Two in five amphibian species are at risk of extinction, and their threats are increasingly coming from climate change, according to a new study published Wednesday in the journal Nature.
A large team of researchers from across the world analyzed the conservation status of amphibians based on the International Union for Conservation of Nature (IUCN) Red List of Threatened Species, which categorizes animals by the degree of extinction risk they face. For species that have been elevated into a higher risk category since 2004, climate change was the most common driver of their reclassification, the assessment found.
“It’s a gut punch and an awakening,” JJ Apodaca, the executive director of the nonprofit Amphibian and Reptile Conservancy who did not contribute to the findings, tells the Washington Post’s Dino Grandoni.
Notably, the report is not all gloom and doom. Some species have improved from their 1980 threat statuses and conservation efforts have helped, though on the whole, amphibians experienced more status declines (788) than improvements (120) since then.
Amphibians are cold-blooded vertebrates such as frogs, toads, newts and salamanders. Their cold-bloodedness makes them particularly vulnerable to climate change, because it leaves them sensitive to shifts in temperature and the environment, writes USA Today’s Doyle Rice.
“They don’t have any protection in their skin,” Patricia Burrowes, a biologist at the University of Puerto Rico, tells NPR’s Nathan Rott. “They don’t have feathers, they don’t have hair, they don’t have scales.”
Our experts suggest that amphibians continue to be the most threatened vertebrates globally with 2 out of 5 species threatened with extinction.— IUCN SCC Amphibian Specialist Group (@ASG_IUCN) October 5, 2023
The new study catalogs the risks facing 8,011 amphibian species and is the second report of its kind, following the Global Amphibian Assessment of 2004. The researchers found that 2,873 of these species—40.7 percent of those studied—are either critically endangered, endangered or vulnerable, a small increase from 37.9 percent of observed species in 1980 and 39.4 percent in 2004.
These findings make amphibians the vertebrate group with the greatest proportion of threatened species, ahead of mammals (26.5 percent), reptiles (21.4 percent) and birds (12.9 percent). Since 2004, four amphibian species have been deemed extinct, and 23 have been added to the list of possibly extinct creatures.
Researchers say the highest concentrations of threatened amphibians are in the Caribbean islands, Mesoamerica, the Tropical Andes region, western Cameroon, eastern Nigeria, Madagascar, Sri Lanka and the Western Ghats mountain range in India.
Types of habitat loss and degradation are among the most common hazards to the animals, with agriculture affecting 77 percent of threatened amphibians, harvest of timber and plant impacting 53 percent and infrastructure development disturbing 40 percent. Climate change affects 29 percent of threatened species, as does disease.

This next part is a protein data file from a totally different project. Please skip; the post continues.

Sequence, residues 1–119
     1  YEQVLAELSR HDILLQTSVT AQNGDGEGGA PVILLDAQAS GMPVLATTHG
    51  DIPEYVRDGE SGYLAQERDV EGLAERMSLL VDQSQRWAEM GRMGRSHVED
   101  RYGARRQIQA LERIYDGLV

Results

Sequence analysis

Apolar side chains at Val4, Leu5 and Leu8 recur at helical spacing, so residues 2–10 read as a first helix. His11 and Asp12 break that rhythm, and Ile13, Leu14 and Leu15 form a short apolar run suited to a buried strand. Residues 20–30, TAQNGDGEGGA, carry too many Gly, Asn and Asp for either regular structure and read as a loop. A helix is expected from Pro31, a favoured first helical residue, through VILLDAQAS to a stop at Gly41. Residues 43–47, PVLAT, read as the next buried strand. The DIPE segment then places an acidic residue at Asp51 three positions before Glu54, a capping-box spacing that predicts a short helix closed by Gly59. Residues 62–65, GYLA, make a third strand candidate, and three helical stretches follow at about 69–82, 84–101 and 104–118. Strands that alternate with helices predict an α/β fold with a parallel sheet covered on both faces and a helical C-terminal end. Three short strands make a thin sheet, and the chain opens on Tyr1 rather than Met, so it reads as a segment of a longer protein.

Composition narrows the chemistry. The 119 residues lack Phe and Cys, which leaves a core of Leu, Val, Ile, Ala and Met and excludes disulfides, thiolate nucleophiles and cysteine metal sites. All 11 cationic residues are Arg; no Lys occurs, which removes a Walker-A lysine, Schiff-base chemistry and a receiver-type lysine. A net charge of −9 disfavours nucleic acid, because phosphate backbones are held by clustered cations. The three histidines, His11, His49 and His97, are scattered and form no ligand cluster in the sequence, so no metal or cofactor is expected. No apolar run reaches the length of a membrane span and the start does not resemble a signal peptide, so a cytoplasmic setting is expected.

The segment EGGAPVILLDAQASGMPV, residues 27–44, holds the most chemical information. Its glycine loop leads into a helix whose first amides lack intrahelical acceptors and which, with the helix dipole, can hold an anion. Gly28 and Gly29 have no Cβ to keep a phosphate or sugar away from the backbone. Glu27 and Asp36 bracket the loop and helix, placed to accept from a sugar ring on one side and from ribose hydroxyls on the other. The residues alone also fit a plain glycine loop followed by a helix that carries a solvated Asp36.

But in recent years, climate change has been playing a bigger role in driving amphibians to a more at-risk status. Among species that saw their Red List status worsen between 1980 and 2004, disease was the primary driver for 58 percent, while climate change was the primary driver for only 1 percent. But between 2004 and 2022, that proportion rose to 39 percent for climate change and fell to 23 percent for disease, making human-caused warming the most common primary driver of a status demotion currently.
“It’s very worrying,” Ana Rodrigues, a conservation ecologist at the Center for Functional and Evolutionary Ecology in France who was involved in the 2004 report but not the most recent one, tells Science News. “We’re at the beginning of climate change … What’s ahead of us?”
“There is a growing proportion of species being pushed to the brink of extinction by disease and the effects of climate change,” Luedtke tells the Washington Post. “So, habitat protection alone just won’t be sufficient as a risk-reduction measure.”
Among the solemn news, the study did have a bright spot: Conservation efforts have led to the improvement in risk status for 63 of the 120 species that have attained a more favorable status since the 1980s. Other species have improved after recovering from the impacts of a fungal disease which decimated amphibians across the globe.
The findings show that conservation efforts can be effective, and by gathering more information about the risks facing amphibians, scientists can better target such actions.
“Amphibians are disappearing faster than we can study them, but the list of reasons to protect them is long, including their role in medicine, pest control, alerting us to environmental conditions, and making the planet more beautiful,” Kelsey Neam, a co-author of the study who works for the environmental group Re:wild, tells USA Today.